After an electronic IoT device has been deployed into the world, it may be necessary to reprogram or update it. But if physical access to the device (or devices) is troublesome or no longer possible, that’s a problem.
[Refik] begins by setting up a web server using Ubuntu Linux, and sets up HTTPS using a free SSL certificate from Let’s Encrypt, but a self-signed SSL certificate is also an option. Once that is done, the necessary fundamentals are in place to support deploying OTA updates in a secure manner. A bit more configuration, and the rest is up to the IoT devices themselves. [Refik] explains how to set things up using the esp32FOTA library, but we’ve also seen other ways to make OTA simple to use.
You can watch a simple secure OTA firmware update happen in the video, embedded below. There are a lot of different pieces working together, so [Refik] also provides a second video for those viewers who prefer a walkthrough to help make everything clear. Watch them both, after the break.
Most of us who are old enough are likely to have had our first experience of an online service some time in the 1990s, either through the likes of Compuserve or via an ISP. For our French readers the online experience will have come much earlier, as a forward-thinking telecommunications environment led to every household in the country receiving a viewdata terminal. The Minitel system as it was called was a runaway success, and was only finally turned off as late as 2012. Many of the terminals survive to make a great basis for projects, and it’s one of these that [Louis H] has taken and enhanced with an ESP32.
One of the special things about this project is that unlike so many other Minitel conversions it doesn’t involve tearing into the terminal itself. Instead the PCB plugs into the socket on the back of the unit and emulates the line for the terminal to talk to. It can then be used as an SSH terminal over WiFi, or as a serial terminal for the ESP32 itself for example running a MicroPython firmware. If you can handle the French AZERTY keyboard there is no easier way to drag a viewdata terminal into the 2020s, as you can see in the video below the break.
A lot of hackers are rightfully concerned about the privacy issues that surround many of today’s “smart” gadgets, but it’s hard to argue that the ability to remotely control devices around your home isn’t convenient. Enter self-hosted, open source projects like Home Assistant. This provides the framework for building out a home automation system without having your soul information sold, but as you might expect, you’re going to have to put some effort in to get the most of it.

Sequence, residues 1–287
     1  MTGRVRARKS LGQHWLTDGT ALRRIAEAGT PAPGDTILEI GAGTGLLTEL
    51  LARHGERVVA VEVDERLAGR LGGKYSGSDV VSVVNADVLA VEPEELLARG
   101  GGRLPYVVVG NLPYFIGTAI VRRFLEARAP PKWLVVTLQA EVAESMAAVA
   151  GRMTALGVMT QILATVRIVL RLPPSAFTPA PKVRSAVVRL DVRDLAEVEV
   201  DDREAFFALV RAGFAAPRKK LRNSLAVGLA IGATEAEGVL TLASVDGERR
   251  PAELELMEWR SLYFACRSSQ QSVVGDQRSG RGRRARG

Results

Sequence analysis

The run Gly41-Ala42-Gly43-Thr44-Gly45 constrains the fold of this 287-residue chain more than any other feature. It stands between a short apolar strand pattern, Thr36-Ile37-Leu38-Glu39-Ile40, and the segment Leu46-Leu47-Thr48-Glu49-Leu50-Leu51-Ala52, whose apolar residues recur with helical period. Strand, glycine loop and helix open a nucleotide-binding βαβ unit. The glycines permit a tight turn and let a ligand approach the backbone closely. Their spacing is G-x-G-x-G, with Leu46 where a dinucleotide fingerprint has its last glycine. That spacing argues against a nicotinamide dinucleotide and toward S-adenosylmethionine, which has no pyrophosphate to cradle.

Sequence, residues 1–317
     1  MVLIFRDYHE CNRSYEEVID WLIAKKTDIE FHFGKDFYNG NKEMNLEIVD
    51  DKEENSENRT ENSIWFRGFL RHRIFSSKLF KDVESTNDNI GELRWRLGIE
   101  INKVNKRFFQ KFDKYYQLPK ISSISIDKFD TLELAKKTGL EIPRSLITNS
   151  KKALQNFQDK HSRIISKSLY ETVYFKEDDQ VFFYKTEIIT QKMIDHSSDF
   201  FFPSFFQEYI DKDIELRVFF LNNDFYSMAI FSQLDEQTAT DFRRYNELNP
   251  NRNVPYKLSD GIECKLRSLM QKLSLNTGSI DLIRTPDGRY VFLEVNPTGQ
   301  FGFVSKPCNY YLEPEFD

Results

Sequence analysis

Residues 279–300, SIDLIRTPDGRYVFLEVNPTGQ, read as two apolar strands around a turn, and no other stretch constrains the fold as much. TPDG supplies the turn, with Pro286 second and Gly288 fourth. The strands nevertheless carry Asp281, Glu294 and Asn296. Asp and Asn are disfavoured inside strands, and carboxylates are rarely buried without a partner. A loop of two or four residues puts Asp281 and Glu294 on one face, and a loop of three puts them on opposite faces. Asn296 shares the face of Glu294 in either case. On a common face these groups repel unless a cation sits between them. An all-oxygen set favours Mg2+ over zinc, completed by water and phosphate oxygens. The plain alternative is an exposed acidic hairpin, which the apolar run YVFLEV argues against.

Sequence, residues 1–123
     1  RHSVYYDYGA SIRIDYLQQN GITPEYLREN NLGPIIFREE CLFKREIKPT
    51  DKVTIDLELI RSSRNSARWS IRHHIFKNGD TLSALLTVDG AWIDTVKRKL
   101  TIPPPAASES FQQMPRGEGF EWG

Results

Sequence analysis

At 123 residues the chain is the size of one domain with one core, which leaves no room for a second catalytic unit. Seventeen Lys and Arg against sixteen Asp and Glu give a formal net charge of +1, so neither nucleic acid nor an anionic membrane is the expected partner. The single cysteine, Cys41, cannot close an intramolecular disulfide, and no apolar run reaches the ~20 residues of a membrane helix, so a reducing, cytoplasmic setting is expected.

For example, take a look at this Phillips AC4014 air purifier that [Anton] connected to Home Assistant by way of an ESP32. Rather than getting too bogged down in reverse engineering the purifier’s surprisingly complex internal electronics, he took the easy way out and wired a couple of relays across the power and fan speed buttons; this allows the device to be easily controlled by the microcontroller, without impacting the functionality of the original controls.
But since those front panel controls still work, that meant [Anton] needed a way for the ESP32 to detect the device’s status and report that to Home Assistant so everything stayed in sync. So he looked around on the PCB for a trace that got powered up when the air purifier was up and running, which he connected to a pin of the microcontroller through a transistor. This let’s the firmware determine if the machine is running or not just by checking if the appropriate pin has gone high.
Speaking of the firmware, [Anton] decided to use ESPHome rather than trying to write his own code from scratch. This project allows you to rapidly add new devices to Home Assistant by providing the firmware with a relatively simple YAML configuration file, which he’s provided as an example. In fact, he’s provided quite a lot of examples with this project, down to an annotated image of the PCB that shows where to tap your wires into. He’s done quite a service for anyone who’s got this same model of air purifier.